Fenne Lily’s long-awaited second album, Breach, is finally here, via Dead Oceans. They call this the ‘difficult’ second album for a number of reasons, but Breach comes together with ease. The only great difficulty that you might sense is the effort that Lily went to confront herself in the process, and to write about her preferred topics without cliché or safe ground. You can stream it everywhere now.
it’s here it’s yours — welcome to the world, baby https://t.co/R7KuDBnAW9
— Fenne Lily (@FenneLily) September 18, 2020
Lockdown swirls around Breach. Although, in this instance, it is Lily’s self-enforced, pre-pandemic period of isolation in Berlin that drew an album out of her. Nonetheless, now we all have a sense of how that probably felt.
The album opens with the whispering of ‘To Be a Woman Pt 1.’, which encapsulates the series of expansive themes that Breach flirts with. This is followed by the first two of Breach’s singles, ‘Alapathy’ and ‘Berlin’.
In isolation, ‘Berlin’ was a great single. As the third track of the album it is little less than perfect. At just fifteen lines, you can’t help but be reminded of one of those fragmentary tracks like ‘Wish You Were Here’, where every word is precious. It was composed out of voice notes that Lily managed to recover after a phone crisis during the trip.
Lily lets us all the way into her thought process. Like being inside your own brain, it makes complete sense and no sense at all. ‘I, Nietzsche’ is perhaps the best example of this; it circles around all its own points. By contrast, the latest single, ‘Solipsism’, is a fresh burst of energy – it is certainly one of Breach’s standout moments.
Following ‘Solipsism’ is one of the most memorable tracks on Breach: ‘I Used To Hate My Body But Now I Just Hate You’. The universality of this song translates into lines such as, “I read all of the books you recommended / I listened to your friend’s band all the time.” As the chorus builds for the first time, into the titular sentiment, you feel Lily regaining her autonomy with every word.
This is one of the ways that Lily’s new, cynical, honest voice comes through. It’s a fantastic take on a break-up song – it’s not comfortable or easy or tragic, but rather challenging. It turns heart-ache upside down and inside out to get to its very core: the song is heavy with self-questioning and monotony, but it is relatively free of bigger, existential questions about break-ups. The outro reaches great heights, and the final half line reasserts a note of triumph and control.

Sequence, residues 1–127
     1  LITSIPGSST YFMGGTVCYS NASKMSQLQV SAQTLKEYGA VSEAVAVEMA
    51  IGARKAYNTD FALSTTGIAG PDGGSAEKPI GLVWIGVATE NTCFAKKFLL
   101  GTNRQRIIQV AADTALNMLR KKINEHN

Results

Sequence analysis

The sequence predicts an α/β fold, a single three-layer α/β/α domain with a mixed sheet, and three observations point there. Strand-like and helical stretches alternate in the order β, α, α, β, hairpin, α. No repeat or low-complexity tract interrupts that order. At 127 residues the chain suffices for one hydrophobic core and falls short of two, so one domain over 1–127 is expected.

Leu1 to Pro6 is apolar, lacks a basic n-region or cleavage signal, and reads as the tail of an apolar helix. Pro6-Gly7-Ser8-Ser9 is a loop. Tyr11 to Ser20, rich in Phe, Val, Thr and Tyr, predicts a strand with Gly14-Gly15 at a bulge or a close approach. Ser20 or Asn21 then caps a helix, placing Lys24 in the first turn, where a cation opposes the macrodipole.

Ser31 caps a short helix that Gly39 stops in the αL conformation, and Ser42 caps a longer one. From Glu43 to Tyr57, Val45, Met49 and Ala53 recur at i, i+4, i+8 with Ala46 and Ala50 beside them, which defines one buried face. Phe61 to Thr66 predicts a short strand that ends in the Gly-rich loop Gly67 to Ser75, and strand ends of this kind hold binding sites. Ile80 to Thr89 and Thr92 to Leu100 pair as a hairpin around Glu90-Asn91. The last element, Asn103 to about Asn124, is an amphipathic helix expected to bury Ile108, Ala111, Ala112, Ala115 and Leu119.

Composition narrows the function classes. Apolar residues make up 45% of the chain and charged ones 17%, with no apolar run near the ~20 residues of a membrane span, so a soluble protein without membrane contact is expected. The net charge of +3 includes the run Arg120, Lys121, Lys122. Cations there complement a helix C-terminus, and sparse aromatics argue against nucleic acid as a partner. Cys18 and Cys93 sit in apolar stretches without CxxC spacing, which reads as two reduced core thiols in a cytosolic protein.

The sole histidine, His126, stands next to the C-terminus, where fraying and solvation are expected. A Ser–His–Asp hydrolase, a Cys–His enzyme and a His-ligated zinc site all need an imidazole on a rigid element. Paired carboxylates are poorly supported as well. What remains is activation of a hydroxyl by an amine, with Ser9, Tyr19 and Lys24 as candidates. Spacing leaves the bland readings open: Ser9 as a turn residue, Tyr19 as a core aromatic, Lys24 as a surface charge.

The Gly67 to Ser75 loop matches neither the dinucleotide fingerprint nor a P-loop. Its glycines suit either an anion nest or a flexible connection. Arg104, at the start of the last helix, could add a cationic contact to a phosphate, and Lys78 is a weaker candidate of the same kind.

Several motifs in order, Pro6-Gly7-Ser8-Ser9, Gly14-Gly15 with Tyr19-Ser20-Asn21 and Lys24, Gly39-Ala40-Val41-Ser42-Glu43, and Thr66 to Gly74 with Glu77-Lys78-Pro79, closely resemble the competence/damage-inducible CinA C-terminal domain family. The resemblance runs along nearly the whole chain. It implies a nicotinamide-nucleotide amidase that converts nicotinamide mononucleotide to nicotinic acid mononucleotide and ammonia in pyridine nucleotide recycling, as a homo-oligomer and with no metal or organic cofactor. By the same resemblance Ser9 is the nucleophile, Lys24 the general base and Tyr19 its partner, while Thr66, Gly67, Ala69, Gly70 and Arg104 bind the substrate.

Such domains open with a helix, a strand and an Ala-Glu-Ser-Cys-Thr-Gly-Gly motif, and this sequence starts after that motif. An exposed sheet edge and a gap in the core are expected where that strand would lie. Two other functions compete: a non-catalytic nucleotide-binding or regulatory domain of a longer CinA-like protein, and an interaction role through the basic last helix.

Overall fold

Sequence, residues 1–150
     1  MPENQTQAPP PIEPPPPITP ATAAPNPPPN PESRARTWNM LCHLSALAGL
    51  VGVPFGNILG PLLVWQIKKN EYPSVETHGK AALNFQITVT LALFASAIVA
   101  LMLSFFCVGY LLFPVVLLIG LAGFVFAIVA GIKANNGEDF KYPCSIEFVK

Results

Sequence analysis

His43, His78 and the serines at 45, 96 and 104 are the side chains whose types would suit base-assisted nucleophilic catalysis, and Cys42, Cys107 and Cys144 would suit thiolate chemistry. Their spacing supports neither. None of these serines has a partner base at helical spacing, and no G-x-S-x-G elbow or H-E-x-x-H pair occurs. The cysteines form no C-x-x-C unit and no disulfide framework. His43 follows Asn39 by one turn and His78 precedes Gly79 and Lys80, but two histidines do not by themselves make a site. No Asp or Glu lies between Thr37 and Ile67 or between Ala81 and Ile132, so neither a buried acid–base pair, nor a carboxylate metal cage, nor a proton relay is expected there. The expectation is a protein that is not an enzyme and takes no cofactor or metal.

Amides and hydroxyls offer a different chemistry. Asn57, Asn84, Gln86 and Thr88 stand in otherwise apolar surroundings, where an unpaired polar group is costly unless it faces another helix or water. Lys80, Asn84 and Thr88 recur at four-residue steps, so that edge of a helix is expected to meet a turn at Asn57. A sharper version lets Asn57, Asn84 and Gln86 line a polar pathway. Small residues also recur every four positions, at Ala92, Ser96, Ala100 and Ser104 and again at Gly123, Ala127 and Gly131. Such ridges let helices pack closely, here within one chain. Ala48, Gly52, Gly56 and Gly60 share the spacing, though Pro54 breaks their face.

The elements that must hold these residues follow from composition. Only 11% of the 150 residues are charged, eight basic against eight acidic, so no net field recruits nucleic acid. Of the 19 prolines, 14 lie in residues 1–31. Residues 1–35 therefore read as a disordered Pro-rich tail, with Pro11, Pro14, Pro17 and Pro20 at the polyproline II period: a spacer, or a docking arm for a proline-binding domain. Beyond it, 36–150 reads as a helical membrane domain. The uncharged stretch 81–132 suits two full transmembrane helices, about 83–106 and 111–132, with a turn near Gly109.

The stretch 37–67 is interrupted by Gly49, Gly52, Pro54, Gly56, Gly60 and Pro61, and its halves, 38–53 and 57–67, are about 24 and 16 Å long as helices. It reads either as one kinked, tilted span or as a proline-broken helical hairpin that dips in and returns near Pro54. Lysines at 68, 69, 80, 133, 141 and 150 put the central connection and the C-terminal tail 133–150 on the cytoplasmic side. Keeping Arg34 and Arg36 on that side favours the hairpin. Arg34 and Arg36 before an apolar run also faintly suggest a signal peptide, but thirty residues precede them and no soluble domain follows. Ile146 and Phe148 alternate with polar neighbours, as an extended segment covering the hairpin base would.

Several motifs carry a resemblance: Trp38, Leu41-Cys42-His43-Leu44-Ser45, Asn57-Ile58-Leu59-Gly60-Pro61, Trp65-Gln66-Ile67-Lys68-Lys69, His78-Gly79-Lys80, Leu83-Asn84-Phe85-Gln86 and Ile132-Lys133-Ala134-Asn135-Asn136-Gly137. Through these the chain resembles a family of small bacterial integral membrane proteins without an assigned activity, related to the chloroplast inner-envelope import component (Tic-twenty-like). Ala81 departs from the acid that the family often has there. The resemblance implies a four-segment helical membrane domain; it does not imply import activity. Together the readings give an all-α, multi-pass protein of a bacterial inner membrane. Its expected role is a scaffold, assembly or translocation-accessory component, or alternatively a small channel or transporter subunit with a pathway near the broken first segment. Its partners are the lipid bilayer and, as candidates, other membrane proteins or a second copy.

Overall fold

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there are 1,271 words on this record but it’s hard to find the right ones to send it into the world with. I’ve been waiting for this day to come for a long time and it feels surreal to say that BREACH is yours now — every side of love and pain reduced down to two. my dad used to call me a tiny warrior and that’s how I feel about this record — I hope it gives you something. it’s given me a lot. there’s no way it would’ve happened without the following people : @slonkslonkslonk @joshuadavidsparks @alichant @brian.deck @hollyshay @rfjaffe @deadoceans @joncoombs @lucydacus @luxtonluxtonluxton @nicoleloucaides and my little orchestra — thank you big time
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Breach starts to wind down here, starting with ’98, a touching audio clip from Lily’s childhood. Situated between ‘I Used To Hate My Body…’ and ‘Someone Elses’ Trees’, it is perfectly placed to reinject a note of nostalgia. Generally, Lily is one of those people who finds their magic in the everyday; toothbrushes, cold baths and laundry all work together to cover much vaster ground.
Many reviews have noted that where Lily was struggling to be alone with herself on her previous album, she has confronted this from every angle. The album comes with a statement from Lily declaring that she no longer needs to “fixate on relationships to make myself feel like I have something to talk about.” A previous press release spoke about Lily was working out the difference between “being alone and being lonely.”
On Instagram, she touchingly described Breach as a “tiny warrior”, something her dad used to say about her. Somewhere between “tiny warrior” and “I used to hate my body” – where “used to” is emphatic – and the fragments of ‘Berlin’ and ‘To Be A Woman Pt. 1’, Lily is excavating as many answers as she is raising questions.